Cleveland sports fans are waiting. Thus, while we’re all waiting, the WFNY editors thought you might enjoy reading. Because you never know how long we might be waiting. So here are assorted reading goodies for you to enjoy. Send more good links for tomorrow’s edition to firstname.lastname@example.org.
“2. Cleveland Indians. Last title: 1948. World Series: 5. Titles: 2. Not only have the Indians not won a World Series since Dewey defeated Truman, they also squandered the most stacked roster in the last two decades. Look at that team: Manny. Lofton. Belle. Alomar. Thome. Vizquel. That team should have been the Jeter Yankees. In 1997, extra innings, so close … and then those stupid Marlins. Cleveland has teams at or near the top in all the tortured franchise rankings. The Indians might even be the third most-tortured team in their own town.” [Leitch/Sports on Earth]
“Taking over a team that had missed the NCAA Tournament for two consecutive seasons and was coming off of a 14-16 campaign, Matta knew that he had his work cut out for him, but was unaware of just how poor of shape the Buckeyes’ basketball program was in. From uninspired efforts both on the hardwood and in the classroom, Matta knew that his new team was in for a culture shock as he attempted to implement what he described as “the Ohio State way.” [Axelrod/Buckeye Sports Bulletin]
“Callaway was hired into the org in 2010 when he was named as the pitching coach for the Lake County Captains. He moved quickly through the org, serving as the Kinston (now Carolina) pitching coach in 2011, and then as the minor league pitching coordinator in 2012. When Tito was hired in the fall of 2012, he looked internally to fill his coaching staff and Callaway was promoted to fill the role of big league pitching coach. The results were immediate and drastic. As you’ll see in the below table that stressed both the limits of my Excel and math expertise, every member of the Indians rotation had their FIP decrease from 2012 in their first season under Callaway.” [Ciammaichella/The DiaTribe]
“Masterson will be entering his contract year in 2014 and projects to earn a strong salary his last time through arbitration. He made his first All-Star team in 2013, and posted a 3.45 ERA in 193 innings overall. His last start came on September 2nd, as he was knocked out by an oblique strain and assumed a relief role upon his return because he did not have time to build up his stamina. Masterson had two sub-4.00 ERA seasons out of four in Cleveland, although he has not yet put together one with a strong strikeout rate and a walk rate below 3.0 per nine. If the Indians are to extend the 28-year-old groundballer this offseason, a five-year deal between those of John Danks ($65MM) and Jered Weaver ($85MM) would make sense.” [Dierkes/MLB Trade Rumors]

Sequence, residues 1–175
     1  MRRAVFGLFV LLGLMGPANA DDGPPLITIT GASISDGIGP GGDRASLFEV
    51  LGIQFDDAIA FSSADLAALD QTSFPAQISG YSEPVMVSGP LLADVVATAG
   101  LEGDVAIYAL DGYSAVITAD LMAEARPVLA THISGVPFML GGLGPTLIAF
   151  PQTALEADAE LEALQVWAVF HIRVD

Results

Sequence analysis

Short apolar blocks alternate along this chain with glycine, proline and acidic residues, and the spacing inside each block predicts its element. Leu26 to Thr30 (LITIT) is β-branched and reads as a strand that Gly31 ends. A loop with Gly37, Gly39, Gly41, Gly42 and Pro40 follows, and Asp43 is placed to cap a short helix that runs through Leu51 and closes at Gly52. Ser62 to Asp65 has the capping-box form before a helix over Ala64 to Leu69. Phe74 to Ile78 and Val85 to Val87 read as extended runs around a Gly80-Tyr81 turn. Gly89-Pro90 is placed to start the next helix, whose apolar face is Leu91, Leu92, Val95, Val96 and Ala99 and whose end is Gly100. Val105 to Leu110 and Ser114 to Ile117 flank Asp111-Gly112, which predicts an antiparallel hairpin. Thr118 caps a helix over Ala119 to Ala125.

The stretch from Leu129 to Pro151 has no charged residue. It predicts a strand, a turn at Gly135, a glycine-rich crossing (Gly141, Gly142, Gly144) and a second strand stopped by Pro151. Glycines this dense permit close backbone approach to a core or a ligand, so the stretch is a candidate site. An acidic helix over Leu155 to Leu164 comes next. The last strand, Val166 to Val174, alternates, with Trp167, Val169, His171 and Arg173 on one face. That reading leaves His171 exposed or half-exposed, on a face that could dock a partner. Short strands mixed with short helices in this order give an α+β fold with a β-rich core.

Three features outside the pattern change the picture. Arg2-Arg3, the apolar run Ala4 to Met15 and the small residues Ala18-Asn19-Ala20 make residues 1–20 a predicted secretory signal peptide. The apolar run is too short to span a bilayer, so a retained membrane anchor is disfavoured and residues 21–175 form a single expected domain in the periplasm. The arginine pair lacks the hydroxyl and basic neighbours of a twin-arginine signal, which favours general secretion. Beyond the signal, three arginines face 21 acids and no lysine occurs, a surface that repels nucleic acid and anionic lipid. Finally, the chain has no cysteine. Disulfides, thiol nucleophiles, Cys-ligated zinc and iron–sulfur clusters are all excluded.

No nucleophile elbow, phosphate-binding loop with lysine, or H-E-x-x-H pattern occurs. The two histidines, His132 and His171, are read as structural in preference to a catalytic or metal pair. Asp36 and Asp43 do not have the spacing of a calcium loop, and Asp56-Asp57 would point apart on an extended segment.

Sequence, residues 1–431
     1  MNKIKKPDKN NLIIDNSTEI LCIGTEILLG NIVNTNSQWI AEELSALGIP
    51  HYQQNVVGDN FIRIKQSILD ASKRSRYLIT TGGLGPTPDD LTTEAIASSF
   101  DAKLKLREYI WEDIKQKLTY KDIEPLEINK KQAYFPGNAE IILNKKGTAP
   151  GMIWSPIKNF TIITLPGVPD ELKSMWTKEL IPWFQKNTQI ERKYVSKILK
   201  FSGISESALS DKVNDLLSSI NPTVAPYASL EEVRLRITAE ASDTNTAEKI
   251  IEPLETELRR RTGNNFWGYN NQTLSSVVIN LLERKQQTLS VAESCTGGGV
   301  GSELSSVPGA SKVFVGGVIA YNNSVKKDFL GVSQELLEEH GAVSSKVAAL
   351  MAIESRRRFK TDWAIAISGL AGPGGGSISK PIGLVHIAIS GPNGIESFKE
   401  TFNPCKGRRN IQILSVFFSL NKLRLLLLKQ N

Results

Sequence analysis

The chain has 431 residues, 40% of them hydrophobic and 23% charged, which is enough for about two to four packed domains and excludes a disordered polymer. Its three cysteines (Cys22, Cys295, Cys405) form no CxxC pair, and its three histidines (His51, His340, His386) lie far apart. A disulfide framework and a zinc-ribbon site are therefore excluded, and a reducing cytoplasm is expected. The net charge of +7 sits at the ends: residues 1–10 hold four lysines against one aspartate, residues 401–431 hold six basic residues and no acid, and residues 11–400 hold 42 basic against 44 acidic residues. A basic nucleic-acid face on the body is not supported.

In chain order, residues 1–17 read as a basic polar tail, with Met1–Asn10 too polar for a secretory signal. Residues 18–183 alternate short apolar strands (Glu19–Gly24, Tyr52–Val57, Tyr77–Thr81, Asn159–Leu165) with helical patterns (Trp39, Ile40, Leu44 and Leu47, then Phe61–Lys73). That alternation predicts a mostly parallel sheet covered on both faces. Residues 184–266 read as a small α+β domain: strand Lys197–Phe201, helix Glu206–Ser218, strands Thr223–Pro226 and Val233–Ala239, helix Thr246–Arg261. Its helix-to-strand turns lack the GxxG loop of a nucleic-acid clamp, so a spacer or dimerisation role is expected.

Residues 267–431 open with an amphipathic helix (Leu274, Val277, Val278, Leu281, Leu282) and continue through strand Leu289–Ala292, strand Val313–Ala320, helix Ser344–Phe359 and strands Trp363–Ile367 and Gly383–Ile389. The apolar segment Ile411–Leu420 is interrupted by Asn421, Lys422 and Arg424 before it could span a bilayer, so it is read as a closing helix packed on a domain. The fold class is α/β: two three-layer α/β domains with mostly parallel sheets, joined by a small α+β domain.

“While Stubbs did very little to impress anyone at the plate, he did play solid defense in the outfield and provided Terry Francona with some much-needed flexibility. Because Stubbs could be shifted back and forth from right field to center field and back again, Francona was able to rest Michael Bourn and also fill in for him when he was injured without missing much of a beat. So from that standpoint, Stubbs was everything we thought he would be.
That said, Stubbs did not impress anyone offensively. And while he did almost match his average projections from the table above, it wasn’t enough to keep him on the field and in the lineup on a full-time basis. Thanks to the emergence of Ryan Raburn, Stubbs was relegated to part-time duty, filling in mostly as a defensive replacement or pinch runner in late inning situations. Also, much like Michael Bourn, Stubbs experienced a significant drop in stolen bases. It was the first time since his debut season of 2009 that he failed to swipe at least 30 bags.
Needless to say, it wasn’t what anyone had hoped for when Stubbs was brought to Cleveland, but his performance was by no means the worst turned in by the Indians this past season. Stubbs was a solid contributor and continued to do what was asked of him even when he lost playing time to other, more deserving players.” [Heise/Wahoos on First]